Music is such a huge part of my life even though I have no musical talent. I’m not a singer or an entertainer. I am, however, a huge fan of music. I will never forget a certain concert that I went to a few years back, which was Bon Jovi. Listening to Bon Jovi CDs or watching performances on TV is nothing compared to seeing them live in concert. The music and energy from JBJ made it a night I will never forget. It truly made me appreciate music even that much more. The talent, dedication, and hardwork that Bon Jovi puts into their music is unreal, and it truly showed that night. That night made me realize that they are truly legends in rock music for a reason. They have been around for quite some time, and will certainly be around for years to come. Bon Jovi is an example of just one of several talented musicians that I love.
When I was younger, every summer I had the fortune of attending a week-long, church camp called Camp Krislund. Every evening we would sit around the bonfire, the counselors would play their guitars and we’d sing some really great songs. I always loved one called ‘Pass It On.’ My husband and I used the song as part of our wedding ceremony and my father-in-law was so moved by the words that he incorporated it into his toast at our reception. Years later, when we brought our daughter home from the hospital for the first time, we tried everything to get her to settle. As I ran out of songs to sing, I turned to my old stand-by. Who knew that ‘Pass It On’ would settle a crying baby? I still sing it to her every night before bed.
I remember I was so disappointed that I missed out on a New Kids on the Block concert. I was bummed for weeks, especially since everyone in my class would talk only about the concert. My mom came home one afternoon with Color Me Badd tickets and took me to the concert. She even bought me a t-shirt. It was my very first concert and, to me, it was even better than seeing New Kids on the Block since it was a surprise from my mom.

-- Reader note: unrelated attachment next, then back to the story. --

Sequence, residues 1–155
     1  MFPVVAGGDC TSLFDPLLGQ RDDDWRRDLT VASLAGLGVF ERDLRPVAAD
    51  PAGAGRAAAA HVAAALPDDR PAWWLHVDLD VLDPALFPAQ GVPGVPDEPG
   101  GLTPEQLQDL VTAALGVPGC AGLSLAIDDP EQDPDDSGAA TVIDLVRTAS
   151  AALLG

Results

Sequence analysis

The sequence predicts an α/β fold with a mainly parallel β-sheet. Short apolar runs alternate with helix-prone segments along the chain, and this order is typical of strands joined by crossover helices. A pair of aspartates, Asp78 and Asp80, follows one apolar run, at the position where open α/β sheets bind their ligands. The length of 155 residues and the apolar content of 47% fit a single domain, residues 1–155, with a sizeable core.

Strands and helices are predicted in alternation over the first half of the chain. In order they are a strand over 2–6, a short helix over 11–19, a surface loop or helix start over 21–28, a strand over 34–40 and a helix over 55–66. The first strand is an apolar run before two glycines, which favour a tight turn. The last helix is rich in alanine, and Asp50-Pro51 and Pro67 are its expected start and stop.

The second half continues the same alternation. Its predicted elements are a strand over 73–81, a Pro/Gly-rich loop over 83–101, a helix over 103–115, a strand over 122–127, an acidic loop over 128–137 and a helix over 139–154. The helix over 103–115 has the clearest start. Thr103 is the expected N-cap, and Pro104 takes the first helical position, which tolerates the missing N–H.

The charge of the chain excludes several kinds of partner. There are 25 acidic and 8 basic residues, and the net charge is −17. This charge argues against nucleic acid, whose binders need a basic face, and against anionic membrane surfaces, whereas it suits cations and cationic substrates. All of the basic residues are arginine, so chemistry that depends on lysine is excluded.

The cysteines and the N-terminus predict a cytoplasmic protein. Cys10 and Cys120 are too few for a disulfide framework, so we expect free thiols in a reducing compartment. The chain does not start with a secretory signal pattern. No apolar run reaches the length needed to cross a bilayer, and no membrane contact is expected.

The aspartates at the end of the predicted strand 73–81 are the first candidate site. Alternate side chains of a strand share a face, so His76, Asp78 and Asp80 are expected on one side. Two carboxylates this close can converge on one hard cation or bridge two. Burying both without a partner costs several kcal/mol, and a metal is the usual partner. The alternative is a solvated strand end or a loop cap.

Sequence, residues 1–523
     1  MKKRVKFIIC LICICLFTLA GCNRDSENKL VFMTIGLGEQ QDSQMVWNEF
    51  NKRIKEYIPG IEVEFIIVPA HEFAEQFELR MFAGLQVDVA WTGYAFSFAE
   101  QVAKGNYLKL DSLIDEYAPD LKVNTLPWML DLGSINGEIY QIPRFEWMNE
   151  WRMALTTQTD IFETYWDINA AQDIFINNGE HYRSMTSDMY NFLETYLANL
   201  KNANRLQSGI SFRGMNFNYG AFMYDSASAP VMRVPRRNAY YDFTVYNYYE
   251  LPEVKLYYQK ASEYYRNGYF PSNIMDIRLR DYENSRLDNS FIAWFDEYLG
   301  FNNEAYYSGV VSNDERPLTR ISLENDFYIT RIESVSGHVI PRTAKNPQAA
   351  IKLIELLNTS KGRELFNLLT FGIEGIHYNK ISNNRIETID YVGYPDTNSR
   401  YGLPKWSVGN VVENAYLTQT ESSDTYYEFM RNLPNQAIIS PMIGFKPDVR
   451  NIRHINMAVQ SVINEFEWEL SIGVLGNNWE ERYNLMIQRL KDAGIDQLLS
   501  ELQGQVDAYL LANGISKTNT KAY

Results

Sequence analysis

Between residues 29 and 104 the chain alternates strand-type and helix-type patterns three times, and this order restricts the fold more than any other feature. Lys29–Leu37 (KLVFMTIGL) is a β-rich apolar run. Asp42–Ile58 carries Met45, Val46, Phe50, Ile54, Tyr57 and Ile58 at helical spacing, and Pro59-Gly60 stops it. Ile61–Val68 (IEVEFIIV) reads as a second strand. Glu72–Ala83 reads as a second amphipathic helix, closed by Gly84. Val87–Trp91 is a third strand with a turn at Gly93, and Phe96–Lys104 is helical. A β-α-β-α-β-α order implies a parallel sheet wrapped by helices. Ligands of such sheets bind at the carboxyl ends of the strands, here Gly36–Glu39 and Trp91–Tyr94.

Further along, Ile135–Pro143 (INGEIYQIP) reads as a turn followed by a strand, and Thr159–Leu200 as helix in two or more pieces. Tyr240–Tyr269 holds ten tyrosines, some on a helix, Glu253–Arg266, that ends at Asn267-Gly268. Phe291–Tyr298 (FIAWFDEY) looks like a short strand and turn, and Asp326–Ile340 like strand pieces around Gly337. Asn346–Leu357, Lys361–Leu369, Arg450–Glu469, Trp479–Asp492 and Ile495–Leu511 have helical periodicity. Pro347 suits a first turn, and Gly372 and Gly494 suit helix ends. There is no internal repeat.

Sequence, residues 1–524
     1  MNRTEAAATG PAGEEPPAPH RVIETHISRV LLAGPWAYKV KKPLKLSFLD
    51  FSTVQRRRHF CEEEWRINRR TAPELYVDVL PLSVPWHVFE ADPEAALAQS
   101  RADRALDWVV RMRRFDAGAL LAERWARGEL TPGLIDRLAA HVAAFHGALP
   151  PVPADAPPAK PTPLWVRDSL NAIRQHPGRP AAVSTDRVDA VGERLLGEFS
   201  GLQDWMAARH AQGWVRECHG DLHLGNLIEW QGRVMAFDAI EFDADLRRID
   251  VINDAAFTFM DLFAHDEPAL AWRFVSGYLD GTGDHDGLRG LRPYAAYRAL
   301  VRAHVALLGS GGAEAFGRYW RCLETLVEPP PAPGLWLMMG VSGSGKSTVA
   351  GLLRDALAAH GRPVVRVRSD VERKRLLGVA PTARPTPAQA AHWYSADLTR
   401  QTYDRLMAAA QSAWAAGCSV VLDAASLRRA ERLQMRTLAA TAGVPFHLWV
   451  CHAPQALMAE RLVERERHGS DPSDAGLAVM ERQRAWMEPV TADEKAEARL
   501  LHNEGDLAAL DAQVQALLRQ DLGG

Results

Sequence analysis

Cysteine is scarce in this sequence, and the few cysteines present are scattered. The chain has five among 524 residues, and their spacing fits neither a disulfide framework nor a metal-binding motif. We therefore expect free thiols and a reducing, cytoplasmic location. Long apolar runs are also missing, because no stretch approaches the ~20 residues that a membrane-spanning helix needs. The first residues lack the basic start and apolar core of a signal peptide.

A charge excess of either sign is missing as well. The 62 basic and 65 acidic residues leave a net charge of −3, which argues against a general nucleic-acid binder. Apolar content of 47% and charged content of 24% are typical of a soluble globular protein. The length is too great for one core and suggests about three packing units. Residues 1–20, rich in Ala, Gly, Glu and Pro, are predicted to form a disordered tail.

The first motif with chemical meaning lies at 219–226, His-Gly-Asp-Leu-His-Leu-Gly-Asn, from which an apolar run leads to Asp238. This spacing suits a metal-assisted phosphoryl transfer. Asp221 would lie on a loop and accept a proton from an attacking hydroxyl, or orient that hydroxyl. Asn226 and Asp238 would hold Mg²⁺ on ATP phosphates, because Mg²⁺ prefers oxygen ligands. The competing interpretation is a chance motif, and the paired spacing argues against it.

I have always loved the music my mother would play when I was a kid (Simon & Garfunkel, Neil Diamond, Mamas and the Papas, et. al.) and wanted to pass that on to my kids. My daughter loves most of the music that I play, but we both share a fondness for Blue October. They came to town 3 years ago and I quickly purchased tickets for the family to go. When we got the tickets I surprised her. When she opened the gift, she immediately said “Where will we be sitting?” Since they were General Admission, I went online to bring up a seating chart only to discover that it was a 21 and over only venue. She was 12 at the time and was very disappointed when I told her. The following year ,Blue October toured again. I purchased tickets only to find out that 2 weeks prior to the concert date, they canceled the tour due to one of the performers becoming ill. Finally, this year I was able to get tickets, actually get her in the venue (it was open to all ages) and thoroughly enjoy each and every moment of my daughters first concert. I will always treasure being there for my daughter’s first concert and hope that she gets as much pleasure from music as I do.
When I was young I really wanted Prince’s ‘Purple Rain’ and Michael Jackson’s ‘Thriller’ albums for Easter instead of a basket full of candy. My parents kept telling me that the Easter Bunny would never be able to do this. Then, of course, on Easter morning I found those two albums in my basket. It was sweet! I still have both of those albums to this day.
When I was 5 years old, my grandmother gave me a glockenspeil. Have you ever seen one? It is a miniature xylophone that you hit with a mallet. I played that thing all day. It really taught me to appreciate sounds and pitch, even though I didn’t fully understand what I was appreciating until I was older.
The best music gift I ever received was my first drum practice pad. I was in 5th grade and had knew I wanted to play the drums since I was 5 years old. Once I knew the drum pad had been ordered, I roped off a section of my room and awaited its arrival. Getting the drum pad and learning music and how to become a musician was the greatest gift. It has definitely led me to where I am now and all of the instruments I can play.